Saving For Kids College Education

Published on Sep 14 2007 // Written By // Investing, Personal Finance, Popular


My daughter will be turning 2 in January. So for my wife and I, its time for us to start planning for her college. Should we go for a College 529 plan, an Education IRA or a Regular Investment account ? What should we do?

There are many reasonable education options such as the Indiana Wesleyan University, but we need to start preparing.

So I started researching the various college savings options available. I decided to go to the Vanguard website because Vanguard is the most conservative mutual fund company I know of, because as far as saving for college is concerned I don’t want to invest too aggressively. That being said, I still want to have enough so she can choose from a Nursing degree,  to an online entrepreneurship MBA, or whatever else she has in mind. So here is what I found.

529 College savings Plan

529 plans enable you to invest for higher education free of federal and, sometimes, state income taxes. States or schools can sponsor a 529 plan. Most are open to residents of all states. Some plans allow you to invest between $200,000 and $300,000 on behalf of one child, so a 529 plan may be your best bet for fully funding a college education.


Enjoy investing flexibility, high contribution limits, and tax advantages to save for college and graduate school.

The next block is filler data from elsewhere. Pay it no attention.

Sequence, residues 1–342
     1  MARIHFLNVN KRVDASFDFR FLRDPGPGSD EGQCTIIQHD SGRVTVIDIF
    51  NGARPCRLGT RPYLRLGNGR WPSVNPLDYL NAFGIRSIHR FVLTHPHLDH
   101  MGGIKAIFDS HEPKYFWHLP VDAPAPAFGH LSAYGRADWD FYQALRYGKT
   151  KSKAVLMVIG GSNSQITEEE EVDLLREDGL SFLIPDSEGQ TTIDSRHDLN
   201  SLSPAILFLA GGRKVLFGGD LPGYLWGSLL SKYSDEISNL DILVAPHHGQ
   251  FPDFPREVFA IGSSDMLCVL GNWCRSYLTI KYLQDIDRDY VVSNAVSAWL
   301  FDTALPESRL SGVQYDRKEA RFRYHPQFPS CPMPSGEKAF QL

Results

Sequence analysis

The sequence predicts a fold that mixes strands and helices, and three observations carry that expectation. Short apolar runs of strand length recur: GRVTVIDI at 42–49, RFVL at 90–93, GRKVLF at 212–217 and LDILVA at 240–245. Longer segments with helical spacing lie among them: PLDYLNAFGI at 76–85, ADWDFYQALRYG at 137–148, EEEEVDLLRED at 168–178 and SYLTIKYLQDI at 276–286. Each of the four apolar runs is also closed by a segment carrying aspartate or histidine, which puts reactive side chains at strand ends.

The money can ONLY be used for college.
And If your kid doesn’t go to college, you may name another eligible family member as beneficiary on the account and use the 529 assets to pay for that person’s education. If no eligible family members can be named beneficiary, then you might have to close the account, paying federal and possibly state income taxes and a 10% federal penalty tax on earnings not used for qualified higher-education expenses.

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Education Savings Account

you can invest for any level of a child’s education–primary school, high school, college, or beyond. And you can start investing for that child from birth. The money is taxed at the child’s tax rate, which is typically lower than the parents’ rate.
Although contributions aren’t tax-deductible, your earnings grow tax-free and withdrawals are free from federal income taxes when used for qualified education expenses.

You can only contribute $2000 a year.

UGMA/UTMA accounts

A tax-advantaged way to save for a child’s future, for higher education or any other purpose that benefits the child.
The accounts dont have any contribution limits, though contributions above a certain amount will trigger the federal gift tax.

When the child turn 18, he/she gains control of the money and they can do anything with the money.

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Regular Investment Account

You retain complete control of the account. Select from from a broad lineup of stock, bond, balanced, and short-term investments.

You do not receive the tax advantages of accounts specifically created for college investing.

So what did we decide ?

As of now, our finances are in order with no credit card debt an we regularly keep a close watch on our savings and spending. Therefore, we went for a regular investment account. We chose the Vanguard STAR fund that is a conservative balanced mutual fund that has consistently given a return of at least 10%.

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Tushar Mathur has been blogging about Personal Finance since January, 2007. This has helped him recognize what topics readers like and relate to. The goal is to spot good news-worthy info and get it out to the public as soon as possible. Tushar Mathur maintains this Personal Finance blog called Everything Finance. The blog articles fall under these categories: Investing, saving money, shopping, blogging and making money online. Send an email at

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